The effect-site concentrations of anaesthetic drugs displayed on the device were recorded during the study period. While maintaining spontaneous ventilation, the fibreoptic bronchoscope was advanced through the mouth until the vocal cords were visualized. Propofol and remifentanil plasma concentrations were increased during airway manipulation to 2.0 μg mL−1 and 3.0 ng mL−1, respectively. After localization of the laryngo-epiglotteal region, 5 mL of lidocaine 4% was sprayed on the vocal cords through the suction port of the bronchoscope. Then propofol and remifentanil plasma concentrations were further increased to 3.5 μg mL−1 and 5.0 ng mL−1 prior to endotracheal tube insertion and changed by steps of 1 ng or μg mL−1 according to the clinical needs.

The endotracheal tube (reinforced endotracheal tube id. 7 or 7.5 mm) was successively advanced into the trachea. We use the rotation of the tube to reduce the difficulty in advancing the tube over the fibrescope. The proper endotracheal tube placement was assessed by viewing the carina, and confirmed by auscultation of breath sounds and end-tidal CO2 monitoring. The tube was positioned approximately 3 cm above the carina and the cuff inflated. Changes in heart rate (HR) and MAP were recorded at pre-determined times in relation to the fibreoptic intubation manoeuvres: during fibrebronchoscope introduction, during tracheal intubation, and at 1 and 3 min after. Coughing and limb movement were also evaluated by the investigators.

On the first postoperative day, patients completed a post-procedure standardized questionnaire asking about explicit intraoperative recall of pain or discomfort, if any, of the fibrescopic procedure itself. The level of discomfort was graded using a 4-step scale: 3 = no recall, 2 = slight memories, 1 = perfect recall with no discomfort, 0 = perfect recall with extreme discomfort.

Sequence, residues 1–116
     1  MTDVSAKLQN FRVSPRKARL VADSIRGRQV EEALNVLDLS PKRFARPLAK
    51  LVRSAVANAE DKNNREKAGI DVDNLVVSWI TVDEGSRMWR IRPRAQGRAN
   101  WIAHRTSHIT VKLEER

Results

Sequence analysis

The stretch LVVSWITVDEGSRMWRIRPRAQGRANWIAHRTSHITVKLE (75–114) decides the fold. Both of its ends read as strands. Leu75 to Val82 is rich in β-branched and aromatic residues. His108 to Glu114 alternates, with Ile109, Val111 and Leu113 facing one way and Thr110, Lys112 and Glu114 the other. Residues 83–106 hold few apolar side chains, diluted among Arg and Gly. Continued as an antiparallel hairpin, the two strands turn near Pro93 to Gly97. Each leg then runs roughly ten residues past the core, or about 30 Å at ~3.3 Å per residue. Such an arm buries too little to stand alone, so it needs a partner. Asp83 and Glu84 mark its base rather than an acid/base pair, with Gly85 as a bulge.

For statistical analysis we used ANOVA for repeated measures and a value of P < 0.05 was considered statistically significant.

Results

There were 11 males and nine females, aged 47 ± 10 yr (range 38–72), weighing 88 ± 15 kg (range 58–115). The mean body mass index was 29 ± 2 (range 24–35). Nine subjects were ASA class II; eight were ASA class III; three were ASA class IV, due to severe complications from acromegaly, such as hypertension, diabetes mellitus and chronic obstructive pulmonary disease (COPD).

The first attempt with fibrescope was successful in 16 of 20 patients. Mallampati class, thyromental distance (range), number of cases of intubation at first attempt with a fibrescope and number of cases of impingement in each Mallampati class, and coughing during tracheal intubation are listed in Table 1. A cough response was associated with the passage of the tracheal tube in 12 patients (60%). Tracheal intubation was successfully accomplished at the second attempt in two patients. In one occasion more than two attempts were required to achieve tracheal intubation in a patient with the tongue too large to allow the advancement of the fibrescope into the trachea.

Table 1
Table 1:
Mallampati class, thyromental distance, number of cases of intubation at first attempt with fibrescope, number of cases of impingement in each Mallampati class and coughing during tracheal intubation.

Mean duration of fibreoptic procedure, remifentanil (ng mL−1) and propofol effect-site concentrations (μg mL−1), and mean doses with range during fibreoptic intubations are shown in Table 2. The mean time required to complete the tracheal intubation procedure, from the initial insertion of the fibrescope to the assessment of the correct positioning of the orotracheal tube, was 4.4 min.

Table 2
Table 2:
Mean duration of fibreoptic procedure, remifentanil (ng mL−1), propofol effect-site concentrations (μg mL−1), remifentanil (μg) and propofol (mg) dose during fibreoptic intubation.

During the fibreoptic procedure the target concentrations of remifentanil and propofol ranged between 1.0 and 5.0 ng mL−1, and between 1.5 and 3.5 μg mL−1, respectively. A significant increase in blood pressure and HR compared with baseline values was found only during the tracheal intubation (P < 0.05) as shown in Table 3.

Table 3
Table 3:
Haemodynamic changes during fibreoptic manoeuvres and tracheal intubation, and at 1 and 3 min after tracheal intubation.

All patients described their anaesthetic experience as satisfactory. Among them, 17 patients (85%) had no recall on the first postoperative day; slight memories were described by two patients (10%). Perfect recall with no discomfort on airway manipulation was described by one patient (5%).